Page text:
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In November, University of Pittsburgh reproductive biologist Gerald P. Schatten found himself entangled in an investigation of scientific misconduct along with a stem-cell research collaborator in South Korea.
Renowned Korean researcher Hwang Woo-suk admitted manipulating laboratory samples to create fake DNA results for a paper _ co-authored by Dr. Schatten _ that claimed to have succeeded in embryonic stem-cell cloning.
The fraud staggered the worldwide scientific community because it occurred in the high-profile discipline of stem-cell research and involved Hwang, who carried the title of Supreme Scientist in Korea and was head of the world’s leading stem cell research center.
But while the breadth of that case was unusual, the occurrence of scientific research misconduct is not.
A recent survey by HealthPartners Research Foundation in Minneapolis, Minn., of more than 3,400 early- and mid-level U.S. scientists funded by the National Institutes of Health showed that more than one-third of them admitted research wrongdoings between 2002 and 2005.
Only 1.5 percent of them admitted to the most serious misconduct of falsification or plagiarism.
And last year, the federal Office of Research Integrity in the Department of Health and Human Services received about 300 allegations of research misconduct last year, double the number from 2003.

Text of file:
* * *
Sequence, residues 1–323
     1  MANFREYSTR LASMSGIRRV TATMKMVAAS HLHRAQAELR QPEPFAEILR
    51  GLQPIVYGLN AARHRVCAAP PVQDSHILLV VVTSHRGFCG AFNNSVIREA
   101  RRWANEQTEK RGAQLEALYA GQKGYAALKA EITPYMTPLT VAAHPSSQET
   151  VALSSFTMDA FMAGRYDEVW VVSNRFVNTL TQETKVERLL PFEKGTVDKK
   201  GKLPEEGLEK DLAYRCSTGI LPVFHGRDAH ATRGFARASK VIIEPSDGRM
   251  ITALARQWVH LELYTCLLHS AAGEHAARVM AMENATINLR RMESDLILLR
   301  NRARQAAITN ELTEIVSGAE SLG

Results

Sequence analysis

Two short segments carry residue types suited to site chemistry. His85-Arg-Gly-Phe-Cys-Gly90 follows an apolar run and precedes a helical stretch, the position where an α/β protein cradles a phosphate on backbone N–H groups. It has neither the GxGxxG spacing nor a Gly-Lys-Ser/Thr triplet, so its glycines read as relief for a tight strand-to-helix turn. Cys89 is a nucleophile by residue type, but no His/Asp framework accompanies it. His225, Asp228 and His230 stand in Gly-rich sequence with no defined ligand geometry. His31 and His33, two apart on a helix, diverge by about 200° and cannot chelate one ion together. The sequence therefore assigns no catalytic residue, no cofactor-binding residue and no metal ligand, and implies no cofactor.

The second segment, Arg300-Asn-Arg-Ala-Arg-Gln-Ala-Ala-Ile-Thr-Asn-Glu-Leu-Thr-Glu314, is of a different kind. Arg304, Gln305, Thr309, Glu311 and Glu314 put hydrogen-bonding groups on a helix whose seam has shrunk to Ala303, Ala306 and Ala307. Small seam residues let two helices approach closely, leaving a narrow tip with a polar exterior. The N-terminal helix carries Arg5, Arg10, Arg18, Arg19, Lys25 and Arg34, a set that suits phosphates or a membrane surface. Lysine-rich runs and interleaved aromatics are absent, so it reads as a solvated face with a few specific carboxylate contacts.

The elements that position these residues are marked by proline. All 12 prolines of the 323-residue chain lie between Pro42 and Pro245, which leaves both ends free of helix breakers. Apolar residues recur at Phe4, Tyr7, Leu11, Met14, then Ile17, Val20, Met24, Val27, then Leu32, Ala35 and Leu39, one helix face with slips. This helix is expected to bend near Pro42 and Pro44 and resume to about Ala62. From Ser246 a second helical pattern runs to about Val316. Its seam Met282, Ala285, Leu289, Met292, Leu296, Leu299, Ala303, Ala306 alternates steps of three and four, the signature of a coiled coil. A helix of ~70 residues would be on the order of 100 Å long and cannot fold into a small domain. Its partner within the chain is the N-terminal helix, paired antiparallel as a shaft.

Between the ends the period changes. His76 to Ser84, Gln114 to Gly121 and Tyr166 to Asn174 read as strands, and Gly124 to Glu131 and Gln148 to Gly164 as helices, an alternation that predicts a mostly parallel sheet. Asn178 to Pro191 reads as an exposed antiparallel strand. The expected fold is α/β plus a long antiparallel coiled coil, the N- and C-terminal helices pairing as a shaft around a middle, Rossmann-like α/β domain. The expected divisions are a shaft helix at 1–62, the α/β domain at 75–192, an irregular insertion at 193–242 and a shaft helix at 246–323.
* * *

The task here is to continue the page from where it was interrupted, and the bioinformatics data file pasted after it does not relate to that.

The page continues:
Cheating, of course, occurs in all fields. But scientists and researchers?
“The temptations are huge,” said Paul D. Tate, senior scholar in residence at the Council of Graduate Schools and director of its Responsible Conduct of Research initiative.
At a research lab where no one is looking over shoulders, a scientist who ignores anomalous results can produce career-boosting work.
“At the cutting edge of science,” Tate said, “the rewards are huge and the temptation is greater.”
Such was the case with Hwang. As first recipient of the title Supreme Scientist, he received $15 million from his government. That was in addition to about $27 million in international funding support he secured in 2005. His online fan club had 15,000 members.
Ethicists point to various reasons for cheating in the scientific community, among them mental illness, the unfamiliarity of foreign nationals with American research ethics, pressure to publish and the lackluster teaching of ethics in graduate schools.
Sometimes, researchers can be swept up in the misconduct of others or simply make missteps.
Schatten’s case shows that the pressure to move forward on high-profile projects, combined with the difficulty of keeping track of research involving multiple teams in disparate locations, can make it difficult to steer clear of ethical lapses.
Schatten, who is director of the Pittsburgh Development Center and Magee-Womens Research Institute, was involved in laboratory-related misconduct investigations at both his previous university jobs prior to arriving at Pitt in mid-2001.